SKYCAL is a handy utility written by John Thorstensen of Dartmouth
College. It generates almanacs and displays the visibility of targets.
It can be run by clicking on the SKYCAL icon on the PC.
The notes included in the source code follow:
SKY CALCULATOR PROGRAM
John Thorstensen, Dartmouth College.
This program computes many quantities frequently needed by
the observational astronomer. It is written as a completely
self-contained program in standard c, so it should be
very transportable; the only issue I know of that really affects
portability is the adequacy of the double-precision floating
point accuracy on the machine. Experience shows that c compilers
on various systems have idiosyncracies, though, so be sure
to check carefully.
This is intended as an observatory utility program; I assume the
user is familiar with astronomical coordinates and nomenclature.
While the code should be very transportable, I also
assume it will be installed by a conscientious person who
will run critical tests before it is released at a new site.
Experience shows that some c compilers generate unforseen errors
when the code is ported, so the output should be checked meticulously
against data from other sites.
The first part (the almanac) lists the phenomena for a single
night (sunset, twilight, moonrise, mooset, etc.) in civil clock time.
The rise-set and twilight times given are good
to a minute or two; the moon ephemeris used for rise/set is good to
+- 0.3 degrees or so; it's from the Astronomical Almanac's
low precision formulae, (with topocentric corrections included).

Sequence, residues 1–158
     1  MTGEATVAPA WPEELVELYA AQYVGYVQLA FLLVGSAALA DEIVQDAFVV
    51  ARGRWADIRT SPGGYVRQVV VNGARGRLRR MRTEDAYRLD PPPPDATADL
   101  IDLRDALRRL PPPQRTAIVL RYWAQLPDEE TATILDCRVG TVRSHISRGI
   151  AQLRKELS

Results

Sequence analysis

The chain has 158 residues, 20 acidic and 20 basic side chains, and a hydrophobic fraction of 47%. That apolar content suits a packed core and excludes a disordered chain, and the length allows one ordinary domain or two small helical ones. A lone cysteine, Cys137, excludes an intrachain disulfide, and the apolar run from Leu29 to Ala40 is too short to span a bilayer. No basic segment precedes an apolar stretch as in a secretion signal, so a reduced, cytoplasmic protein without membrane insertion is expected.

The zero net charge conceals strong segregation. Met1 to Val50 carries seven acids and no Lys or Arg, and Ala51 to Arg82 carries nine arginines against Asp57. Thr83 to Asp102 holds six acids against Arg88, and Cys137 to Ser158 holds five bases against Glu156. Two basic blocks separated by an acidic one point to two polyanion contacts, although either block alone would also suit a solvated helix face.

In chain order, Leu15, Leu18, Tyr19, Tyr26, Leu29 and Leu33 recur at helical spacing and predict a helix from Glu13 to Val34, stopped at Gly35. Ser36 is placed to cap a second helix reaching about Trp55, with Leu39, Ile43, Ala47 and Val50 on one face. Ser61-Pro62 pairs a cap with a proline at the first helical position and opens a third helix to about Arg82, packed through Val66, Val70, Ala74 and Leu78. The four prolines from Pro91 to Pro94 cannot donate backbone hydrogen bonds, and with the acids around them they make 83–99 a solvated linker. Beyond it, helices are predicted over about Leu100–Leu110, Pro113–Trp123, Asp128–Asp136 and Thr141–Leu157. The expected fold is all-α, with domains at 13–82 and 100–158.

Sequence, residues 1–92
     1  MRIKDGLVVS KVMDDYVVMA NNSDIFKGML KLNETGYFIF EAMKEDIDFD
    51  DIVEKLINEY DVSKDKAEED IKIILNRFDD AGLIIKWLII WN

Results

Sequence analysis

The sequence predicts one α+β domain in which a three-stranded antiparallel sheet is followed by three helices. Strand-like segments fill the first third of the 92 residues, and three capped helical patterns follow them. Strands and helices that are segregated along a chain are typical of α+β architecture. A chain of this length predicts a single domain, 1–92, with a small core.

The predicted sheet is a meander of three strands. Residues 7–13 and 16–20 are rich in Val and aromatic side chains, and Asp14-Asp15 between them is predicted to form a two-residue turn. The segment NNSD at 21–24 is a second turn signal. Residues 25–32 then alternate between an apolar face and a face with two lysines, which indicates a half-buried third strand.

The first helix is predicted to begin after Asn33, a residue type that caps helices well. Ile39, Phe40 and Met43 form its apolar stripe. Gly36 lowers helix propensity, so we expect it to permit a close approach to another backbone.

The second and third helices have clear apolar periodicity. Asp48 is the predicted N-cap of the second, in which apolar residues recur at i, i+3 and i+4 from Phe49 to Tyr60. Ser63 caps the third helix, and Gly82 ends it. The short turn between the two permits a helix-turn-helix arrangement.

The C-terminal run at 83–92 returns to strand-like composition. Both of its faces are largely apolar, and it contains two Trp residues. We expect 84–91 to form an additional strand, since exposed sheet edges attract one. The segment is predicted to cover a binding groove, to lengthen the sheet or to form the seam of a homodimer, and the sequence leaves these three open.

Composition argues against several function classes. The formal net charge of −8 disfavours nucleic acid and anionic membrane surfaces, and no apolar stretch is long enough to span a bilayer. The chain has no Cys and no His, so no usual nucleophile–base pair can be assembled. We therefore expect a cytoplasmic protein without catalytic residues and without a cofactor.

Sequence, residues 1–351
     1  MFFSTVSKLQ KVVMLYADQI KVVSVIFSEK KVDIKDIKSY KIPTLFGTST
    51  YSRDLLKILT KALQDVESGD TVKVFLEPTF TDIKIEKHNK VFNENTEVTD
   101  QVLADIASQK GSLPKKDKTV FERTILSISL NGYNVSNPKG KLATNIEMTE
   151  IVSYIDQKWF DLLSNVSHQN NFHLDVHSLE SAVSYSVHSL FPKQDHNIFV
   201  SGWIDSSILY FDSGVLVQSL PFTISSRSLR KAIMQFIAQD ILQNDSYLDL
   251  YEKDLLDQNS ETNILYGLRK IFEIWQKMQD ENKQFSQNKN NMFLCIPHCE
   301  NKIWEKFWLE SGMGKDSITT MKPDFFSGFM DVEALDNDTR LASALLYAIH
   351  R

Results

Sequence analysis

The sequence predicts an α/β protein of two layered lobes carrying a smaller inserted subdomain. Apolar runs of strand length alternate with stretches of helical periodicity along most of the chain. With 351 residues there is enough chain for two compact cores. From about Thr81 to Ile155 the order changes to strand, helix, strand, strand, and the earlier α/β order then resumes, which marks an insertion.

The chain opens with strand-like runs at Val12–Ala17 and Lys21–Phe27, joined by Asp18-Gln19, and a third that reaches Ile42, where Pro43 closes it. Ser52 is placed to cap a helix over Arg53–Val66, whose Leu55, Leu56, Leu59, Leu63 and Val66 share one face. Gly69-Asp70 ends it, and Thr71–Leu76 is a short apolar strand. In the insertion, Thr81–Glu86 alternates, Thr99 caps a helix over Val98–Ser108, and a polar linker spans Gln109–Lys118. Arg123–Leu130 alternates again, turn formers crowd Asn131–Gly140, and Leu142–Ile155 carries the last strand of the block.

The resulting moon rise/set times are generally good to better than
two minutes. The moon coordinates for midnight and in the 'calculator
mode' are from a more accurate routine and are generally better than
1 arcmin. The elevation of an observatory above its effective
horizon can be specified; if it is non-zero, rise/set times are
corrected approximately for depression of the horizon.
After displaying the phenomena for one night, the program goes
into a 'calculator mode', in which one can -
- enter RA, dec, proper motion, epoch, date, time,
new site parameters, etc. ...
- compute and display circumstances of observation for the
current parameters, including precessed coordinates,
airmass, interference from moon or twilight, parallactic
angle, etc; the program also gives calendar date in
both UT and local, Julian date, and barycentric corrections.
- compute and display a table of airmasses (etc) at
hourly intervals through the night. This is very useful
at the telescope. Also, if one has a modest number of
objects, it may be convenient (using system utilities)
to redirect the output and print a hard copy of these
tables for ready reference.
- compute and display galactic and ecliptic coordinates.
- compute and display rough (of order 0.1 degree, but often
much better) positions of the major planets.
- display the almanac for the current night.
The program is self-contained. It was developed on a VMS system,
but should adapt easily to any system with a c compiler. It has
been ported to, and tested on, several popular workstations.
** BUT CAUTION ... **
Because many of the routines take a double-precision floating point
Julian Date as their time argument, one must be sure that the machine
and compiler carry sufficient mantissa to reach the desired accuracy.
On VAX/VMS, the time resolution is of order 0.01 second. This has also
proven true on Sun and IBM workstations.
I make no guarantee as to the accuracy, reliability, or
appropriateness of this program, though I have found it to be
reasonably accurate and quite useful to the working astronomer.
The program is COPYRIGHT 1993 BY JOHN THORSTENSEN.
Permission is hereby granted for non-profit scientific or
For-profit use (e. g., by astrologers!) must be through negotiated
license. The author requests that observatories and astronomy
departments which install this as a utility notify the author
by paper mail, just so I know how widely it is used.
* The julian date and sidereal time routines were
originally coded in PL/I by Steve Maker of Dartmouth College.
They were based on routines in the old American Ephemeris.
* The conversion from julian date to calendar date is adapted
from Numerical Recipes in c, by Press et al. (Cambridge University
Press). I highly recommend this excellent, very useful book.